One of the things we built into the project from the start was a report-back function, whereby we help the community energy pioneers talk to government about how policy could help the sector achieve its potential. (Imagine if all projects supporting social entrepreneurs had a properly resourced talk-to-government-about-your-experience element to them. It would be a brilliant antidote to corporate lobbying.)
So to help with this, over the past couple of months I’ve talked to our brave energy pioneers about how government policy has helped or hindered their fledgling enterprises, and we’ve written it up in this report, to talk through with the new government.
The headlines: it’s a mixed picture. There’s strong support in principle for community energy, and the 2014 Community Energy Strategy in particular helped to put the sector on the map. This, together with the advent of feed-in tariffs, has greatly increased the visibility and popularity of community energy.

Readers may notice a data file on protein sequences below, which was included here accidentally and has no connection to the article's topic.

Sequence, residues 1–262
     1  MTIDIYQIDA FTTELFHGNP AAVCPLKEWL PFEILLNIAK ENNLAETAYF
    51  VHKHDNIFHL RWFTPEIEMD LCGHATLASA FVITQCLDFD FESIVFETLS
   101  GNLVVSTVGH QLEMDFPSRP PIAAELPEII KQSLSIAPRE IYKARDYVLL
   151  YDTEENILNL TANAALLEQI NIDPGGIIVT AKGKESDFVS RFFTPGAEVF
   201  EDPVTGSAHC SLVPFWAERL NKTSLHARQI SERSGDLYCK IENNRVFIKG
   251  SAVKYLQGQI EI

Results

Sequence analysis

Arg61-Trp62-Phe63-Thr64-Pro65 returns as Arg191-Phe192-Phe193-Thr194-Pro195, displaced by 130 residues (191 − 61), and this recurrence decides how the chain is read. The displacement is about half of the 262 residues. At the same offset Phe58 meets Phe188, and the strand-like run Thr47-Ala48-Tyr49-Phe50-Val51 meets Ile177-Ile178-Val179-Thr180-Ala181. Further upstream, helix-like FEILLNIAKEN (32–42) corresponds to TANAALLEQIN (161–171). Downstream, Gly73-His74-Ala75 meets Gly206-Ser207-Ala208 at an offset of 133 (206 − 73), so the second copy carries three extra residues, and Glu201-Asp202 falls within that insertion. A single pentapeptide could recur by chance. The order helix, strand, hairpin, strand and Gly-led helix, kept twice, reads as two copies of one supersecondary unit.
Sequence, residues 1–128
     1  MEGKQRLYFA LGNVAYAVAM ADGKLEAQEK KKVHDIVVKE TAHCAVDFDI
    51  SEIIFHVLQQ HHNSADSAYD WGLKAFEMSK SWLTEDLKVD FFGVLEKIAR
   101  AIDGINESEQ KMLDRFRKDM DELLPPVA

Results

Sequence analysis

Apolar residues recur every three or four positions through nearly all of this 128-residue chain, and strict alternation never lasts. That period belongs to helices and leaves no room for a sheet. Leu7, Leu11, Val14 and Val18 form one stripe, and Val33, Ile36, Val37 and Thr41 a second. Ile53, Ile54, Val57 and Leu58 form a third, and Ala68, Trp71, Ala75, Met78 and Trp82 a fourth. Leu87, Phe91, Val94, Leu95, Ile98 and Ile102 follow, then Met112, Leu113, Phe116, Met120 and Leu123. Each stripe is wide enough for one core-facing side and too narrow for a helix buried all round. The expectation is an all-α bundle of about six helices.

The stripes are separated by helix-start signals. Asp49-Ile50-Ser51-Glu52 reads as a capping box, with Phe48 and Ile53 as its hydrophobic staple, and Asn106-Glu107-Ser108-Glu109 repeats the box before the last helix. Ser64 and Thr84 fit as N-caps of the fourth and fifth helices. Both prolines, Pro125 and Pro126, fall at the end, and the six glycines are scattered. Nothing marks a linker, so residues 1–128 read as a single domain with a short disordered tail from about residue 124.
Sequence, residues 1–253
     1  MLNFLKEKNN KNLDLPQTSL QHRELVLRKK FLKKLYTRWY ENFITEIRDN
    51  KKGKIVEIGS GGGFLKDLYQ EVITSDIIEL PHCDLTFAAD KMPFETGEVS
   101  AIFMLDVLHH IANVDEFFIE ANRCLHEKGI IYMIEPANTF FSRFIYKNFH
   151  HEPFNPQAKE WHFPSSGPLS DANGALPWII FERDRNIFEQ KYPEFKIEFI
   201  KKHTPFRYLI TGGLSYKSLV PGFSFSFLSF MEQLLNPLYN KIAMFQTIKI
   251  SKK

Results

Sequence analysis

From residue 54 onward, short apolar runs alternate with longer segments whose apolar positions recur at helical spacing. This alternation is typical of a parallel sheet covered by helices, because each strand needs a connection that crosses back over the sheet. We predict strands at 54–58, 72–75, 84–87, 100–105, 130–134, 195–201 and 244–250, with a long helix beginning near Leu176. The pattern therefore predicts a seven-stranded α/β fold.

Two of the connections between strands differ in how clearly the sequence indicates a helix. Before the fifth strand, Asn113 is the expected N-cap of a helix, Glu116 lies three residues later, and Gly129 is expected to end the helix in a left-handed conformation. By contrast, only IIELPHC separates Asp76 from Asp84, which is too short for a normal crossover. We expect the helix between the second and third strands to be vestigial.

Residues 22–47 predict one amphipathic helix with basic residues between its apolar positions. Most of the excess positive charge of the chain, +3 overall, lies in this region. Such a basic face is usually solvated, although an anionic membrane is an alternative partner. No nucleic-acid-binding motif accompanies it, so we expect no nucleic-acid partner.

But it is still incredibly complicated and time-consuming to get community energy enterprises off the ground. As one group told me, “the Strategy is great as a background document – you can say ‘look, national policy supports this’ – but then you hit practical difficulties. We fight every step of the way.”
Community energy has incredibly strong public and political support. It would be such a shame if it was let down by inconsistent policy. We’ll be discussing this report with the new DECC team shortly to see whether, with the help of our energy pioneers, we can grow the sector and give everyone a piece of their local energy pie.